Nov 25th-Dec 2nd, 2011
Paper: (Un)thinking tango – on the corporeality of dance and musical improvisation. Joint lecture-demonstration with Anne MaritLigaard.
Conference: (Re)thinking improvisation.
Venue: Inter Arts Center, University of Lund
Scroll down to read or download: Abstract
Scroll down to read or download: Notes for our presentation
NB! The abstracts and papers are works-in-progress. Papers are meant to be read and may not always make sense without supporting sound/demonstration. Some papers/abstracts may contain my own personal notes for delivery. Also, the abstracts published here are the proposals sent to the conferences where the papers/presentations were later delivered. Abstracts and papers may therefore differ to the extent that they deal with different topics.
(Un)thinking tango – on the corporeality of dance and musical improvisation – abstract
In tango there is no instrument to discipline. Our bodies are the origin, content and vessels of expression. Therefore, our postures and physical condition can never be severed from the expression. We dance our selves as we embody the world. Furthermore, any passionate tango dancer could testify that they dance for the enjoyment of movement. These qualitative aspects of the dance are by all means based on repertoire, but structures are subsidiary as the motivation and meaning of tango. Still, when the dance is scrutinized qua movement it is too often understood in terms of choreographic geometry, and that is most often also how tango is taught.
The presentation will layout how it is possible to get out of one’s mind and let the body not only speak but also think. How is it possible to work with the unique possibilities and limitations of one’s body rather than striving towards an idealistic structure?
We will argue our case with a simple example. Through changing the position of the man’s left and the woman’s right hand, the entire embrace will change and render an altogether different expression. We will first discuss how this minor change can be seen as a corporeal concept with which our dancing bodies can think/discuss/improvise with qualities. We will then show how this emulation of a foreign physicality will not only affect the expression, but it will render new repertoire – repertoire that our bodies have not been conditioned to perform. We will finally argue that our corporeal intelligence is structured non-linearly. Through corporeal trial-and-error the body can far surpass the (discursive) imagination both concerning expression and structural invention.
The presentation will also briefly suggest how musical improvisation could be seen in this light, which we believe can give the musician a powerful tool to expand the possibilities in her improvisations.
Magnus Andersson is an Assistant Professor at the Norwegian Academy of Music, and is heading the Academy’s major area of research in performance: “The co-creative musician”. In 2009 he defended his doctoral dissertation, Elaborating Nothing. John Cage’s Aesthetics of Silence. Originally he studied piano and holds a Master’s degree as a performer. His current research interests are artistic research, creativity, performance studies and tango. He is also a professional tango dancer and teacher, and has worked with Ligaard since 2007.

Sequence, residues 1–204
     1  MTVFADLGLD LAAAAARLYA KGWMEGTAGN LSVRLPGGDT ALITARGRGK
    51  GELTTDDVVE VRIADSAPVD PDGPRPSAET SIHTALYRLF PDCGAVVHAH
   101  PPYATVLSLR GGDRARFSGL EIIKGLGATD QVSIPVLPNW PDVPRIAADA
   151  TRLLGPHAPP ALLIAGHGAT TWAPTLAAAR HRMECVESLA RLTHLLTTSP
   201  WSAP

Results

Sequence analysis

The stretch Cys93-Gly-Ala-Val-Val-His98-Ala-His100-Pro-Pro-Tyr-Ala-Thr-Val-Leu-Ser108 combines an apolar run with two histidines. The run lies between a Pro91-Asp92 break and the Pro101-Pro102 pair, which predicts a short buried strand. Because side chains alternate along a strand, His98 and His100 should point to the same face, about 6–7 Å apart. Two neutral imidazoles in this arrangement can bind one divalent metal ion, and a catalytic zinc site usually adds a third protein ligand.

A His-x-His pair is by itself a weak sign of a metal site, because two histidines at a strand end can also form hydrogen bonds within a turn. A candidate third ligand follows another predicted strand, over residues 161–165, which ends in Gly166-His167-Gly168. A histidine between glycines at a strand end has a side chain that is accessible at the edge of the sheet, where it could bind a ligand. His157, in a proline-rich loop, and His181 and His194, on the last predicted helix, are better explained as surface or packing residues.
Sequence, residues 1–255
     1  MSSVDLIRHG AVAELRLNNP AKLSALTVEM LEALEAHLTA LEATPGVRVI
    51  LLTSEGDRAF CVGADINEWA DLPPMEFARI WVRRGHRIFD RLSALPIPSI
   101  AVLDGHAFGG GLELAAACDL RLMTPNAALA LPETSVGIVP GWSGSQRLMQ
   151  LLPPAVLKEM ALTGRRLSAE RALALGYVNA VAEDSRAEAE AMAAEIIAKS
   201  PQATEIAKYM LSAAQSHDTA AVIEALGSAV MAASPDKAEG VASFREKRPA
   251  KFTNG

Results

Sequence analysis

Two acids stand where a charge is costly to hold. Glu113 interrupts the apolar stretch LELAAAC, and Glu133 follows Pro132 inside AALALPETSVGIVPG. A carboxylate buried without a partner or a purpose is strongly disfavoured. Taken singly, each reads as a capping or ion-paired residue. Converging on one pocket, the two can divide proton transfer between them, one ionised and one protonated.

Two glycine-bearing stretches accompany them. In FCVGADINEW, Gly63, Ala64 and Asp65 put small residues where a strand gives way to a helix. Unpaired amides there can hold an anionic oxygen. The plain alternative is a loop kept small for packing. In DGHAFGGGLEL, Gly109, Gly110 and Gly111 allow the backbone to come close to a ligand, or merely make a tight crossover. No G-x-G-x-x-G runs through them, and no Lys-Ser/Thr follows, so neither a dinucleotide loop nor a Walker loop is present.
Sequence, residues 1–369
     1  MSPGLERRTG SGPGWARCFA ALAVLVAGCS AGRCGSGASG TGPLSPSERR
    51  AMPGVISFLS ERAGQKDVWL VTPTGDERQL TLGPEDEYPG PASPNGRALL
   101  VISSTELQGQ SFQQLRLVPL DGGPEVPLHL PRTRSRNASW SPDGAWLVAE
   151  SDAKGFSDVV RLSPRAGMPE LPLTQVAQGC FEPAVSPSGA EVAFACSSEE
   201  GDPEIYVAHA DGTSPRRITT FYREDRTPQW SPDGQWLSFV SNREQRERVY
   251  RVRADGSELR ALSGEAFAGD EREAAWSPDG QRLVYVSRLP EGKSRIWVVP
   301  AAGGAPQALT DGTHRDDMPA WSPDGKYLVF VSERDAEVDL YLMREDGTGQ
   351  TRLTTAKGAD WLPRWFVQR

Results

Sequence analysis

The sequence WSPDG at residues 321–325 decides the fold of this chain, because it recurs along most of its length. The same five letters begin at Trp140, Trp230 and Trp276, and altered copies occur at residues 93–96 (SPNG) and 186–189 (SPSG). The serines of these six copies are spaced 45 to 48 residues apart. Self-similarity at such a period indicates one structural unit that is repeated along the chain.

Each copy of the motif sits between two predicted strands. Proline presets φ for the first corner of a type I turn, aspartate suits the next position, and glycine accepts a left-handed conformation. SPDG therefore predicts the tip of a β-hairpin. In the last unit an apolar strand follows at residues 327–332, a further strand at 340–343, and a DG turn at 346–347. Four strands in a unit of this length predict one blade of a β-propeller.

Anne Marit Ligaard has studied anthropology and library and information science. She currently works as a librarian and as a tango dancer and teacher. She also participates in The Dance Laboratory, a company for differently bodied dancers. Together with Andersson she has published several articles on tango for popular media, and lectured on tango and philosophy and related topics. Since the summer of 2010 she runs the school, TangoTango, together with Andersson.
(Un)thinking tango – notes for our presentation
– on the corporeality of dance and musical improvisation
Through our presentation we want to discuss how we can think through, with, in – or which ever term we prefer to use – our utterly intelligent bodies. We will do this through demonstrations and a discussion of our tango dancing. Towards the end we will give some examples of how the knowledge we gain through scrutinizing our dance experience can shed light on musical performance and improvisation.
• Why do we perform flying colgadas?
• Love – not structure
• This aspect is actually crucial. Unless we understand our improvisatory activity with this in mind, the dancing will be misunderstood.
• As said: we perform the element because we love doing it. We love how it makes us feel. Still, enjoyment cannot arise out of nothing, and it is indeed a particular structure that we enjoy. Our initial question will then be: Which part does the intellect take in our hedonistic activity? What would an intellectual dance be? Would that be a question of dealing with technical issues?
• We could mention what it requires to perform the steps with ease
o Excessive energy
o Dynamic abrazo
o Know our partners point of balance, etc.
• We could also mention how these techniques lead up to the flying colgada.
• Tempting to speak of tango in these terms. Why?
o Important to know for us as teachers
• They are remote from how we as dancers experience our activity. Remote from our love to the steps.
o Still: steps will always be there. There is no experience without the steps. But merely looking at steps is like trying to understand how a lover feels by only researching his mistress. There is no love or lover without the mistress. We must focus the lover if we want to understand his experience.
o We want to focus the experience of the dance.
o We want to make a shift from
thinking about structures to
Thinking with, in or through the body
o We want to shift from intellectual to corporeal thinking.
o What could this shift look like?
• Were we to dance from our brains, it could look like this.
• We hope it looks ok.
o Correct in terms of length.
o A variety of repertoire
o But DULL and lifeless!
• You could ask us to spice it up by, perhaps:
o Longer steps
o Pushing the floor
o Be more elegant
o Dance with more life
• Indeed, we do believe that we do those things when we dance like this
• BUT, what we just did is NEVER reducible to longer steps or pushing the floor.